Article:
10 February 2010

The Orange Revolution, Peeled

The Orange Revolution, Peeled by Justin Raimondo -- Antiwar.com:
To recall the media hype that accompanied Ukraine’s 'Orange Revolution' of 2004, which propelled Viktor Yushchenko, a former central banker and alleged liberal democrat, into power, is like remembering a fever-dream in the morning: the memory of the details are blurred, and all that really remains is the sense that something strenuous, and ultimately unreal, has been passed through. The disputed election of 2004 – eventually decided in Yushchenko’s favor on account of mass street protests – ended with the defeat of Viktor Yanukovich, the candidate of the Russian-speaking eastern section of the country – the man whose comeback in Sunday’s election represented a stunning repudiation of the Orange Revolution and the regime that was born in its wake. How that 'revolution' came to be, and what it really represented, is about to undergo a major revision, one in striking contrast to the instant narrative provided by the Western media six years ago.

Hat-tip to A conservative blog for peace

And now it appears that Yanukovich, the candidate the Western media wanted us all to hate, has won the election. Is it just that I'm getting more cynical as I'm getting older, or is the media hype getting worse?

Ukraine seems to exist as a case-study for Samuel Huntington's Clash of civilizations thesis, with the fault line between Western and Orthodox civilisations running right through the country. If anything can confirm Huntington's thesis, the Western media spin does.

Another commentator comments on the spin in this article: News Analysis - For Kremlin, Ukraine Election Cuts Two Ways - NYTimes.com

On Monday, for example, European election monitors praised the election that was held Sunday, calling it an impressive display of democracy. Ukraines election, in other words, did not follow the Kremlin blueprint...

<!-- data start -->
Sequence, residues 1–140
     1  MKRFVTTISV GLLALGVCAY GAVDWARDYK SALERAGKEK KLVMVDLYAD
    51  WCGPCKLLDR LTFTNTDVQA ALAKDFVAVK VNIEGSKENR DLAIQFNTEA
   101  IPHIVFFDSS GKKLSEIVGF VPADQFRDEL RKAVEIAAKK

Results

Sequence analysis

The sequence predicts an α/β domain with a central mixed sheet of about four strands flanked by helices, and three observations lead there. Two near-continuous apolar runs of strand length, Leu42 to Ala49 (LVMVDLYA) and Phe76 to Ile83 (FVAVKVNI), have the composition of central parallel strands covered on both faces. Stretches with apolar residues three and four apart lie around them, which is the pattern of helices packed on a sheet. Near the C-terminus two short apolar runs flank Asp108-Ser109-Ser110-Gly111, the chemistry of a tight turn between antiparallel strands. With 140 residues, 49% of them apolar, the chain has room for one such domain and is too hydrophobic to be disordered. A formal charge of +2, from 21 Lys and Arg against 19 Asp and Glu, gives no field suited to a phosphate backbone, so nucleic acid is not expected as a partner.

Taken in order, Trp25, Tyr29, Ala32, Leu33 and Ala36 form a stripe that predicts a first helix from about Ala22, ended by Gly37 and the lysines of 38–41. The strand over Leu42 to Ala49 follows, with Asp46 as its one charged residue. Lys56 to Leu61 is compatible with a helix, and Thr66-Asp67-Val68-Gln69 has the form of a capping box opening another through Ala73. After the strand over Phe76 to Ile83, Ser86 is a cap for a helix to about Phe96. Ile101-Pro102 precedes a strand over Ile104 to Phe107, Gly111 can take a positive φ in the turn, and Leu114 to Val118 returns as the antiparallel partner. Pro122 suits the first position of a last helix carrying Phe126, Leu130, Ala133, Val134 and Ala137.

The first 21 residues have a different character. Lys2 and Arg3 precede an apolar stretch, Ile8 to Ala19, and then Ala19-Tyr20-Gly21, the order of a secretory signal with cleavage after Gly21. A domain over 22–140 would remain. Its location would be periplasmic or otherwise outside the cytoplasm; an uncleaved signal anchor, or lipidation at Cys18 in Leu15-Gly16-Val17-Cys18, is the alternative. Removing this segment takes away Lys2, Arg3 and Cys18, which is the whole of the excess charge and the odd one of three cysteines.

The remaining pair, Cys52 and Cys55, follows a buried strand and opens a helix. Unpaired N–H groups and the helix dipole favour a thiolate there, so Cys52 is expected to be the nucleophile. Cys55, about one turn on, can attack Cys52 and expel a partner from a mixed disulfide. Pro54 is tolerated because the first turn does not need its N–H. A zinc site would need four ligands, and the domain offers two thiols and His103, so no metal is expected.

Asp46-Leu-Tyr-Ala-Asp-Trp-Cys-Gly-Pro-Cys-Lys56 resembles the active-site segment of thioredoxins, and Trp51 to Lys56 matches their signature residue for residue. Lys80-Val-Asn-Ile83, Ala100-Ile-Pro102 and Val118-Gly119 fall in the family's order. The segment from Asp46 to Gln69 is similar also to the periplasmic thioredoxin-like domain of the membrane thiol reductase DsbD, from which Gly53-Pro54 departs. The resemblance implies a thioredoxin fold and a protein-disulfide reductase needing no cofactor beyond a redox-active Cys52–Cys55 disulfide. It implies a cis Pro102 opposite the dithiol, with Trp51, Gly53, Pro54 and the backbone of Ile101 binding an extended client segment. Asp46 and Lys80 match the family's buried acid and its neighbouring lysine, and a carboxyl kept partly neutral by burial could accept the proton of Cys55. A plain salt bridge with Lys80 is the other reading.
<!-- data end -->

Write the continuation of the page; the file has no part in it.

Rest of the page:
What a bizarre statement. A Russian-favored candidate wins in a fair election, and somehow that is supposed to be evidence that Russia is in favor of unfair elections. In fact, their candidate winning in a fair election is the best possible blueprint for Russia.
Imagine what the NY Times would be saying if the election had been unfair!

In the short term, the Kremlin may have benefited from the election. Relations were tense under the incumbent president, Viktor A. Yushchenko, an Orange leader who wanted to pull Ukraine away from Moscows orbit by joining NATO.

Mr. Yanukovich does not support NATO membership and has indicated that he will abandon some other initiatives opposed by Russia. This is the only real news in the whole NY Times story. This was a major geopolitical / energy-politics victory for Russia. Once again a CIA-engineered Colored Revolution has been turned back. The NY Times does its best to bury this news near the bottom of their story, and even then they downplay it by saying the Kremlin 'may' have benefitted, but only in the 'short term'.

What is lost in all this rhetoric about whether "the West" or "the Kremlin" benefited is what is surely more important: whether the people of Ukraine benefited.

1 comment:

Shane said...

Well caught. I loved the way the press played up the success of the latest vote as a lasting reminder of the orange revolution; it paved the way for true democracy don't you know! Those Russians hate real democracy, but we in the west, we love democracy and if it weren't for us, no one would have it! Isn't spin great?


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